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I want to compute the dimension of the symmetric $k$-tensors. I know that a covariant $k$-tensor $T$ is called symmetric if it is unchanged under permutation of arguments. Also, I know that the dimension of covariant $k$-tensors is $n^k$ but how can I eliminate non-symmetric the cases? I found this but I could not get the intution. Also, this blog post answers my question but I don't see why we put | between different indices. Any concrete example would also help such as the symmetric covariant 2-tensors in $\mathbb{R^3}$, as I asked in this thread.

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    $\begingroup$ @Thomas They are equal indeed. $\endgroup$ Dec 25, 2011 at 13:57
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    $\begingroup$ While tensor (fields) are used extensively in differential geometry, your question is not specific for differential geometry. You might want to consider (re)tagging it with 'tensors', 'tensor-products', 'multilinear-algebra'. $\endgroup$
    – user20266
    Dec 25, 2011 at 13:59

1 Answer 1

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A basis for symmetric tensors, say $\text{Sym}_r(V)$ with $\{v_1,...,v_n\}$ a basis for $V$, is given by the symmetrizations of $\{v_{i_1}\otimes ... \otimes v_{i_r} \ | \ 1\leq i_1\leq...\leq i_r\leq n\}$. You must count the number of non-decreasing sequences (repetitions allowed) of length $r$ with entries in $[1,n]$. I've always heard the method of counting these referred to as stars and bars, i.e. counting the number of multisets of size $r$ with entries from $[1,n]$, and the answer you get is ${n+r-1\choose r}$.


You line up $r$ stars and insert $n-1$ bars, the first bar separating indicies 1 and 2, the second bar separating indicies 2 and 3, ..., the $(n-1)$st bar separating indicies $n-1$ and $n$.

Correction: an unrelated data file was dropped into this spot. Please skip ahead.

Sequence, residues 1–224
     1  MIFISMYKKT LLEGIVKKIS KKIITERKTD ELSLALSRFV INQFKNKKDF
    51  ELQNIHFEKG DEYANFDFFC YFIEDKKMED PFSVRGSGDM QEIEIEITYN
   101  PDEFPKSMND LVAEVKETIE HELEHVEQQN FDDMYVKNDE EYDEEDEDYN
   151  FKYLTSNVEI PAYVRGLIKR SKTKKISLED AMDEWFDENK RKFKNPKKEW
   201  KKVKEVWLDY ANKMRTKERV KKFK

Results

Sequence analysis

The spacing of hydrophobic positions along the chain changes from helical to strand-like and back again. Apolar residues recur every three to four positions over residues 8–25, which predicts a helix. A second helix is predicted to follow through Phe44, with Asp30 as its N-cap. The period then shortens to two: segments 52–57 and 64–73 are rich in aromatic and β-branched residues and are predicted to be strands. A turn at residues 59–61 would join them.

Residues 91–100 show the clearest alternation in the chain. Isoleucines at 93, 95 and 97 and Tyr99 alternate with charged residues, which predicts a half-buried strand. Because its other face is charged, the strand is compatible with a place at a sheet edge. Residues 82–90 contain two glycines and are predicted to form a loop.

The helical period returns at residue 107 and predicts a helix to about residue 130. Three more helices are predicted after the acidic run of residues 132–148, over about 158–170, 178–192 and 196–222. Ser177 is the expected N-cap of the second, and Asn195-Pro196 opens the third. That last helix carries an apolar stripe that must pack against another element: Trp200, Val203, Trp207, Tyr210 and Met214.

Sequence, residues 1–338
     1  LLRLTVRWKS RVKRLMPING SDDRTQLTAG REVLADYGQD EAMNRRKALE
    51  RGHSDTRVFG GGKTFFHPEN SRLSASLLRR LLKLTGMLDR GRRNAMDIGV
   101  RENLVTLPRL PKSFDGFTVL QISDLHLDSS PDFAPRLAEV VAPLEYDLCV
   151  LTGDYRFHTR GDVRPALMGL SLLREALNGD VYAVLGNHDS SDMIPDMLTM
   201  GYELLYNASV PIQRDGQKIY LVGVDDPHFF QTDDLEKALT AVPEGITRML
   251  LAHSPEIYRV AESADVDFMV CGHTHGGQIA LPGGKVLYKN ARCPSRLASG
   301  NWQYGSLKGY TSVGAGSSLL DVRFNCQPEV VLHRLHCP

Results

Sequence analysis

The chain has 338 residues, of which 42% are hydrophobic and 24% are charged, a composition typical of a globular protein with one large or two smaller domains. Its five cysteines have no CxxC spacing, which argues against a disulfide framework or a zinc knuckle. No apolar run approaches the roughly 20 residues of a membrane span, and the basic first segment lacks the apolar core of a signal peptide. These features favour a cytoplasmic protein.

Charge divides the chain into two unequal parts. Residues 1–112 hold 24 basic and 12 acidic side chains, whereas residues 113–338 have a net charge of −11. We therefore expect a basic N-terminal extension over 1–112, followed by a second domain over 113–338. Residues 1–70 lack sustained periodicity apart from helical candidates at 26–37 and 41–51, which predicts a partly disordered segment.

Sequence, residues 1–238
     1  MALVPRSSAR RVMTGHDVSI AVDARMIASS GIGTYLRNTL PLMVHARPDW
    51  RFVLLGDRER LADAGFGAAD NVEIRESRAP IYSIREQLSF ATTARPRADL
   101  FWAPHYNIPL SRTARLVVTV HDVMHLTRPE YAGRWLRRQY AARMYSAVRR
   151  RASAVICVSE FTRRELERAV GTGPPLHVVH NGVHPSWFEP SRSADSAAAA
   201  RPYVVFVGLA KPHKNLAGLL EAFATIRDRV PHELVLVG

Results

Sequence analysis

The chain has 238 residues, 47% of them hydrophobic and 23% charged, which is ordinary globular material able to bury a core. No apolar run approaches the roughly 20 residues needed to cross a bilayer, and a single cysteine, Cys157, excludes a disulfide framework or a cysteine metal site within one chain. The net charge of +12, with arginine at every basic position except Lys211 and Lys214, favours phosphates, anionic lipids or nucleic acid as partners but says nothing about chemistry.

For example, say $r=5$ and $n=3$. Here are some example of non-decreasing sequences of length $r=5$ with entries from $\{1,2,3\}$: \begin{align*} 11223 \ &: \ **|**|*\\ 22333 \ &: \ |**|***\\ 11122 \ &: \ ***|**|\\ 22222 \ &: \ |*****|\\ \end{align*} So there are $r+n-1$ ``things'' (stars and bars) and you're choosing $r$ of them to be stars (or $n-1$ of them to be bars).


As for why this determines a basis for symmetric tensors: any pure tensor on the chosen basis determines a symmetric tensor via $$ S(v_{i_1}\otimes ... \otimes v_{i_r})=\sum_{\pi\in S_n}v_{\pi(i_1)}\otimes ... \otimes v_{\pi(i_r)} $$ and two pure tensors have the same symmetrization if their indices determine the same multiset (i.e. non-decreasing sequence as described above). I'll leave it to the reader to show that these are independent and that they span the space of symmetric tensors. (On a technical note, the symmetrization needs to be modified in non-zero characteristic and some sources might divide by $n!$.)

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    $\begingroup$ Hint.... take $\{i_1\le \cdots \le i_k\}$ then shift this set in the following way $\{i_1+0<i_2+1<i_2+2< \cdots < i_k+k-1\}$ Now how big is $\{i_1,...,i_k+1-1:1\le i \le n\}$? $\endgroup$
    – Squirtle
    Apr 24, 2013 at 19:15
  • $\begingroup$ Thanks for such great hint. @Squirtle just modify your comment in the end a little bit $\endgroup$
    – Sushil
    Jan 4, 2016 at 1:55
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    $\begingroup$ why is this set a basis? $\endgroup$ Mar 11, 2017 at 9:21

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